ATEX is an acronym of the French Atmospheriques Explosives. This European Directive amends and adds safety requirements for hazardous areas in the relevant national legislation in the member states of the European Union, bringing in a common standard. The purpose is to enable the sale of equipment across the European Union, without manufacturers having to satisfy different requirements for each national market.

Where equipment is to be used in potentially explosive atmospheres containing gas or combustible dust, it must comply with the ATEX directive.
Compliance with the ATEX Directive means reinforced safety aspects – safer design, more demanding testing procedures, and specific quality assurance measures for the design as well as the manufacturing process. It requires employers to protect both staff and local communities from the risk of an explosive atmosphere.

ATEX consists of two parts: ATEX 95, which concentrates on the duties of the manufacturers; and ATEX 137, which focuses on the end users’ obligations.
The ATEX 95 Directive is implemented into UK Law by the The Equipment and Protective Systems Intended for use in Potentially Explosive Atmospheres Regulations 1996 (EPS Regulations) making compliance with the ATEX directive mandatory from July 1st 2003.

The ATEX system depends on three key elements: Harmonised technical standards;Audits of the manufacturing facilities; and notification by the European Commission to recognise bodies and test laboratories known as Notified Bodies.

ATEX 100a

See ATEX 95. ATEX 100 originally covered the product directive until it was reclassified as ATEX 95 by the Treaty of Amsterdam.

ATEX 137

The “worker protection directive” 1999/92/EC, ATEX 137, describes the “minimum requirements” for improving the health and safety of workers potentially at risk. It classifies the environment into zones and outlines which category of equipment can be used in each zone.

The directive focuses on the analysis and description of the risks, the zone definitions, and the maintenance practices in relation to site safety. The safety of an installation in a hazardous area is the result of co-operation between the equipment manufacturer, the installer and the end user.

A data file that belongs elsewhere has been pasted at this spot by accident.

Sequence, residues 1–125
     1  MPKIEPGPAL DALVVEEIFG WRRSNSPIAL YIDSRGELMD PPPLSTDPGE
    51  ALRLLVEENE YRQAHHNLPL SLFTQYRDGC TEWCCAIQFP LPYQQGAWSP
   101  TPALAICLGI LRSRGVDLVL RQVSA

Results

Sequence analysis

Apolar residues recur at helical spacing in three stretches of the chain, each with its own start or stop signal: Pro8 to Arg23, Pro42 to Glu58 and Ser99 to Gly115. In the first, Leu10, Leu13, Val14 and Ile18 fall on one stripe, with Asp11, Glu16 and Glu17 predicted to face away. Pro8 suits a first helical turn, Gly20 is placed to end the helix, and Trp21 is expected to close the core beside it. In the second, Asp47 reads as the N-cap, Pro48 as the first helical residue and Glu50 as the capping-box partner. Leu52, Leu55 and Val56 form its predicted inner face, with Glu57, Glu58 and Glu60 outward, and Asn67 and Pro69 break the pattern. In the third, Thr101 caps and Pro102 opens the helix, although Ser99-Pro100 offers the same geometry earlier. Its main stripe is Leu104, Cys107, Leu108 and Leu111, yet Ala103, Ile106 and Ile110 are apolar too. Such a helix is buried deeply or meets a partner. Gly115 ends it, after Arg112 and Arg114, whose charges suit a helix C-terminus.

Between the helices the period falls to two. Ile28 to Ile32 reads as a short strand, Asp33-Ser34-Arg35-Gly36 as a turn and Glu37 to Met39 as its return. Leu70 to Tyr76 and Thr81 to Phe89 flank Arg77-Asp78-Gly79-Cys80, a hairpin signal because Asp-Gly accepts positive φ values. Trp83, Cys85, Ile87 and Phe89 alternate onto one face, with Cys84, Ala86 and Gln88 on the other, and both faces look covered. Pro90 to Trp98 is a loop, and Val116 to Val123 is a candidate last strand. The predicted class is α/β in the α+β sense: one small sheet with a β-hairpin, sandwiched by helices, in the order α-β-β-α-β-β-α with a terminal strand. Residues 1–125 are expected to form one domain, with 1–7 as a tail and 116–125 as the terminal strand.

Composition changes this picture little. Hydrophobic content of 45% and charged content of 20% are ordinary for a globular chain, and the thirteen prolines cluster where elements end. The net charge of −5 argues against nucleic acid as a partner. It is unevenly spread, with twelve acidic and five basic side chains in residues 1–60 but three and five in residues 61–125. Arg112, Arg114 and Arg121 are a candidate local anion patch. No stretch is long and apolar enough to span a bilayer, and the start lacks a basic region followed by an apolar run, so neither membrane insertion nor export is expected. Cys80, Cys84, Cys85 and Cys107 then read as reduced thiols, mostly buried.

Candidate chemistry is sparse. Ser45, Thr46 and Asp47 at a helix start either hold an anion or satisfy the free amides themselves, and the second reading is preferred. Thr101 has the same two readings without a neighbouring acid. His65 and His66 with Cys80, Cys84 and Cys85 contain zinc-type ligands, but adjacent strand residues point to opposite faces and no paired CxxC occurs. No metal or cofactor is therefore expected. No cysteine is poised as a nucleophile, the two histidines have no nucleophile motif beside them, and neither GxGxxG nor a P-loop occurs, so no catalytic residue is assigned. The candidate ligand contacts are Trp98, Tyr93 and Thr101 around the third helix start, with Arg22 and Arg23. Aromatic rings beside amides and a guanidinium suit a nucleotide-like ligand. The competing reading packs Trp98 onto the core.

ATEX 137 concentrates on the duties of the end user. Workers should be trained on hazardous area issues by the employer. Authorisation should be given to each employee working in a hazardous area. Explosion protection measures should be taken and an explosion protection document (EPD) can be established (an EPD is not specifically required by the DSEAR Regulations, though verification of the explosion safety of an area is required before first use and sufficient documentation to show area classification, required equipment for safe working, and aims of coordination of measures to protect employees) . When equipment is repaired, the end user has the responsibility to select an appropriate repair shop (see Baseefa Certification Limited).

The Employers’ obligations in relation to ATEX include assessing the site’s Sources of Hazard and likely sources of ignition, classification of the area into zones and marking all points of entry, as well as producing and maintaining documentation. The main obligations relating to employers are:

  • Preparing an explosion protection document (EPD)
  • Classifying the workplace into Zones where applicable
  • Selecting ATEX 95 products according to Zone
  • Using warning signs to identify places where explosive atmospheres may occur

Essentially, the employer is required to take all reasonable measures to prevent the formation of an explosive atmosphere in the workplace. Where this is not possible, measures must be taken to avoid the ignition of any potentially explosive atmosphere. In addition, the effects of any explosion must be minimised in such a way that workers are not put at risk.


The product directive 94/9/EC, known as the ATEX 95 Directive, concentrates on the manufacturer’s duties, giving the safety requirements to be fulfilled by all equipment, both electrical and non-electrical, installed in hazardous areas within the European Union. It describes the Essential Healthy and Safety Requirements (EHSRs) of the products regarding their design, manufacturing process, testing, documentation and maintainability.

The requirements are divided into three categories: Technical requirements from harmonised European standards; health and safety aspects; and production quality requirements.

Voluntary since 1994, the requirements of the Directive will be mandatory from 1 July 2003. The Directive covers any electrical or mechanical product that contains or constitutes a potential ignition source and which requires a special design or installation procedure to prevent an explosion. Regulated equipment includes control and communication devices, monitoring and detection equipment. It also includes safety or control devices installed outside hazardous areas that have an explosion protection function, such as pressure-relief panels and fast-acting shutoff valves.